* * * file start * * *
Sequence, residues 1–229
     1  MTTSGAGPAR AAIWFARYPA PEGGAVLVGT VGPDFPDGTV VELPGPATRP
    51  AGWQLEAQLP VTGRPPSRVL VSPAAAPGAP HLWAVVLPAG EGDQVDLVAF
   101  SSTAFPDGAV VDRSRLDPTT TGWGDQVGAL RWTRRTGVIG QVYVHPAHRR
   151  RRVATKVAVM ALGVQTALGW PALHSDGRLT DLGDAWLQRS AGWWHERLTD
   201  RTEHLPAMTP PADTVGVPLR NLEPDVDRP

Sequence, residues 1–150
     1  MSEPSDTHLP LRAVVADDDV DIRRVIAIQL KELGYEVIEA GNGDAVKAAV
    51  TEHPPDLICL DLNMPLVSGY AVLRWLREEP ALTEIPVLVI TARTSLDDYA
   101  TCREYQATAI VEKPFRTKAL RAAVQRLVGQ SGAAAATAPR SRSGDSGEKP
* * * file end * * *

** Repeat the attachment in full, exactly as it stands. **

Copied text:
Sequence, residues 1–229
     1  MTTSGAGPAR AAIWFARYPA PEGGAVLVGT VGPDFPDGTV VELPGPATRP
    51  AGWQLEAQLP VTGRPPSRVL VSPAAAPGAP HLWAVVLPAG EGDQVDLVAF
   101  SSTAFPDGAV VDRSRLDPTT TGWGDQVGAL RWTRRTGVIG QVYVHPAHRR
   151  RRVATKVAVM ALGVQTALGW PALHSDGRLT DLGDAWLQRS AGWWHERLTD
   201  RTEHLPAMTP PADTVGVPLR NLEPDVDRP

Sequence, residues 1–150
     1  MSEPSDTHLP LRAVVADDDV DIRRVIAIQL KELGYEVIEA GNGDAVKAAV
    51  TEHPPDLICL DLNMPLVSGY AVLRWLREEP ALTEIPVLVI TARTSLDDYA
   101  TCREYQATAI VEKPFRTKAL RAAVQRLVGQ SGAAAATAPR SRSGDSGEKP